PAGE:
Hi, I’m Victoria. And my idea is that we can change how healthcare is practiced.
It’s completely understandable if you don’t know exactly what that means right off the bat. That’s what this blog is for.
Well, for that and for me to get more clarity, too. I imagine that there are going to be some parts of this plan that I haven’t considered. So, this blog is also my sandbox.
So….what is Paradigm of Practice?
Paradigm is a model, a pattern, a template. A standard way of doing things.
Practice is the practice of healthcare, and this encompasses doctors practicing medicine with their patients, nutritionists like me practicing nutrition with clients – all healthcare providers who practice their craft.
The short story: I’d like to change the way medicine is practiced, the way nutrition is practiced, the way healthcare is practiced. It’s a big order, but it’s possible.
The long story? We have some work to do. I’m driven to speak, think, practice, and study in a new way because I see the old paradigm – one based on ego, competition, overwork, proprietary information, fear, and judgment – as an unfit culture to place anything having to do with health or healing. Those qualities are innately un-healing, but they are what currently informs our conventional model.
Our current culture of practice negatively affects practitioner/practitioner interactions, the way we present and learn the information that informs our decisions as practitioners, and, most importantly, the quality of care we’re able to provide our patients and clients, not to mention our ability to care for ourselves.
I’m sure it affects other aspects of healthcare, too.
So, we have to change. But where do we start?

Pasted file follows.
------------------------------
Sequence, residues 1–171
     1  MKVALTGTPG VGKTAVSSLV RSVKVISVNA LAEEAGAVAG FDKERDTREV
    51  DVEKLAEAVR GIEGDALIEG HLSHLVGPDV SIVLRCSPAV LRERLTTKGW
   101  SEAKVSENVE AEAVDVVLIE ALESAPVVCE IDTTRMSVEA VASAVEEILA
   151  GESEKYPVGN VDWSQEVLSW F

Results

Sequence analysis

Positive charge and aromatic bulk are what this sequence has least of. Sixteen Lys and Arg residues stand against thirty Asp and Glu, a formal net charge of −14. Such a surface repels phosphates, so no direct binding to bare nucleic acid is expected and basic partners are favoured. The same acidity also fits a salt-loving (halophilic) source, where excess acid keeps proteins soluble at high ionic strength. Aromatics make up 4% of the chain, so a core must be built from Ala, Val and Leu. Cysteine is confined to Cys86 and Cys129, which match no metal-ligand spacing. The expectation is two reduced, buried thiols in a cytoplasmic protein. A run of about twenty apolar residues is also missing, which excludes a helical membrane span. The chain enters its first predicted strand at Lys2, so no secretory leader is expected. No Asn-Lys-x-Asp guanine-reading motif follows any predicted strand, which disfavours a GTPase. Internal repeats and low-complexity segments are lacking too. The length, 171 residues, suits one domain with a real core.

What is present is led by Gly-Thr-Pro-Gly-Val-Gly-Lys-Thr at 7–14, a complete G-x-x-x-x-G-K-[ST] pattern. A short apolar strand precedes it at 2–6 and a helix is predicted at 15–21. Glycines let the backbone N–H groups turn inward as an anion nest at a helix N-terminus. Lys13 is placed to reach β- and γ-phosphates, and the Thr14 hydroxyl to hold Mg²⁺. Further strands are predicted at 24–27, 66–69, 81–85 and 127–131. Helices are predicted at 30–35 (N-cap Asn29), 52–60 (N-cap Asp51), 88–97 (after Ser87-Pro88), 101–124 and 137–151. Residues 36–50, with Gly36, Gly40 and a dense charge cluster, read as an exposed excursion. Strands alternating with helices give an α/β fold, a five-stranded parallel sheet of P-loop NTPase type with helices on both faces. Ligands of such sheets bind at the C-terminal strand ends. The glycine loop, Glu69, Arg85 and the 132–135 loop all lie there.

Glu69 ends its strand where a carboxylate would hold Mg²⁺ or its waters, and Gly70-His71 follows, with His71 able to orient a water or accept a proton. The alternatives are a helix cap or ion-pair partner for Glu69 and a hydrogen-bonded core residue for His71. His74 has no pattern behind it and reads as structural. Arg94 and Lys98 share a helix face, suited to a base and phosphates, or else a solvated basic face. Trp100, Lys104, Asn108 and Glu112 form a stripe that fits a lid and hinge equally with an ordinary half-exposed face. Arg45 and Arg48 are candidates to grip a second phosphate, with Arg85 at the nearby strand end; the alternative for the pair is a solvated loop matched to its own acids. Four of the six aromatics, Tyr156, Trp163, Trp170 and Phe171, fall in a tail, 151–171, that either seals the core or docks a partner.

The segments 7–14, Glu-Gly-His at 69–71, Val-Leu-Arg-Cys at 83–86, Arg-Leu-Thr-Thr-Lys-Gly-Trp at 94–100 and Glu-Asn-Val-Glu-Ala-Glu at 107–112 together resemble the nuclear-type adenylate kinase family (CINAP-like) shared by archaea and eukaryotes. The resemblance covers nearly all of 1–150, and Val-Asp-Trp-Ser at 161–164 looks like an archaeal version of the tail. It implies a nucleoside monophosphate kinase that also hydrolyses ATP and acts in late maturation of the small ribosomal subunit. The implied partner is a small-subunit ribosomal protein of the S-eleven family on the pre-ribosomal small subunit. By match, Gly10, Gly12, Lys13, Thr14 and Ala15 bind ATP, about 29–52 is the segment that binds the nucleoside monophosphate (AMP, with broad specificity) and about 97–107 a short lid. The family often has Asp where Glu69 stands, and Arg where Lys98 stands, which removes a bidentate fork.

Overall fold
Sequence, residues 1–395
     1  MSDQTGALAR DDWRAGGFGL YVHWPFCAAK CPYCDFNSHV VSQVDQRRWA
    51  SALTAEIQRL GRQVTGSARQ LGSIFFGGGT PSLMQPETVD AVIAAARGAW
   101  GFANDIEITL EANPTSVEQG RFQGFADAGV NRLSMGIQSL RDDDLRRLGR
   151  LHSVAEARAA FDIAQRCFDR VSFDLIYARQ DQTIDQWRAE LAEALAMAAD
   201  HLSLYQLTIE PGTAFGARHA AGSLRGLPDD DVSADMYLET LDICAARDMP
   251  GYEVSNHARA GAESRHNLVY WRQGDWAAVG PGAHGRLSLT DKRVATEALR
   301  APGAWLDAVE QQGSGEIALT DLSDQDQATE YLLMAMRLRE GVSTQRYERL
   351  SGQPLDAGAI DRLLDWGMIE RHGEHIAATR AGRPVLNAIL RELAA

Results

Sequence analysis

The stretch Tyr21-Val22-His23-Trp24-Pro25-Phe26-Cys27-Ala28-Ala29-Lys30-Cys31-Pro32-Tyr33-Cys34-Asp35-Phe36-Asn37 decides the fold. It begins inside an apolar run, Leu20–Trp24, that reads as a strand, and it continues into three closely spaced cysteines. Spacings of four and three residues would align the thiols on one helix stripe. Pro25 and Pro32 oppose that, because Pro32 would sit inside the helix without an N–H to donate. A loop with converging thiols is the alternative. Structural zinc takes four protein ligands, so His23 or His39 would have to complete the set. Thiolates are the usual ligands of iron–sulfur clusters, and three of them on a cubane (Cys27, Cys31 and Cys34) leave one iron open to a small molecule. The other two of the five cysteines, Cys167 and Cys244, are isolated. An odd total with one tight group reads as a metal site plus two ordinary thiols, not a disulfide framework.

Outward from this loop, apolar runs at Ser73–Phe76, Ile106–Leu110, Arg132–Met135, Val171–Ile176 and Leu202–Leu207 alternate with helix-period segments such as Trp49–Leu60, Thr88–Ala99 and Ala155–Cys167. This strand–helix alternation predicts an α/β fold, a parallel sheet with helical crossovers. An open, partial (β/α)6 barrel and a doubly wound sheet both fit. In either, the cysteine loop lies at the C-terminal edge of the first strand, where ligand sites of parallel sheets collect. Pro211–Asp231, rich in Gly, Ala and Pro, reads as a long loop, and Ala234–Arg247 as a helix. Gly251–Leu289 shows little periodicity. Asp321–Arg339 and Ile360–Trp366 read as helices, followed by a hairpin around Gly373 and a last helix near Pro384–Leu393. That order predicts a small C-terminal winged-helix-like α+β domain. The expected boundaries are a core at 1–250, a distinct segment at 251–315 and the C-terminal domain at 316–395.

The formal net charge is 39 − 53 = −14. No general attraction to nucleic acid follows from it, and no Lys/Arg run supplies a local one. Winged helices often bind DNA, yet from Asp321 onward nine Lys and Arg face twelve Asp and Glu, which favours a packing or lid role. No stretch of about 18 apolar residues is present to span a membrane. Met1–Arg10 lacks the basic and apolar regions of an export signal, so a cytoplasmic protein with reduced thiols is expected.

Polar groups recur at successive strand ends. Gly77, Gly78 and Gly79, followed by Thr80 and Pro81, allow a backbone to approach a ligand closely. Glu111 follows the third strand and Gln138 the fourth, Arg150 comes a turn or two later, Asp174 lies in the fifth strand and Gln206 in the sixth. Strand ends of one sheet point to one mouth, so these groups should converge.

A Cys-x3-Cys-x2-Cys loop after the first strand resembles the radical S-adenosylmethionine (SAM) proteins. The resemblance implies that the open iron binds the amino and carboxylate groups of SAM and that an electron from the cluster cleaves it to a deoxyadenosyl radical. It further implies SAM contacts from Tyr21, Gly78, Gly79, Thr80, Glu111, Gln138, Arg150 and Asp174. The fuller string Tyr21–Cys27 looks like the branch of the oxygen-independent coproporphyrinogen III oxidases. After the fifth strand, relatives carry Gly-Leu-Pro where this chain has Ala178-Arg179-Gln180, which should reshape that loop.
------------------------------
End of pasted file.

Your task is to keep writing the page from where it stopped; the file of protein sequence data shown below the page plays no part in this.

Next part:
Let’s view the paradigm of how we practice in a new way.
I think of this work in three parts:
Part One: The Practitioner – the provider, be it MD, chiropractor, nurse, nutritionist, herbalist, acupuncturist, etc.
Part Two: The Patient (or Client) – the person in need of and receiving care
Part Three: The Information – the body of work that informs our decisions as both practitioners and as patients
These categories were natural points of interest for me as I started to realize the misalignment I saw in my field and felt in myself. For instance, I knew the amazing benefit of working in a community of like-minded practitioners, but I felt competitive and egotistical in my interactions with colleagues.
I loved working with clients to help them heal, but I struggled with their personal wishes for how that process should take place.
And more than anything I was enthralled with new research findings, but so many were in stark contrast to what I had learned in school or what other practitioners were using in their practices.
So, as I started thinking about a new way of approaching my work these three areas came into focus. In the next blog, I’ll focus on the practitioner, and how we can work as practitioners (and what we can ask from our practitioners) to start creating this new paradigm.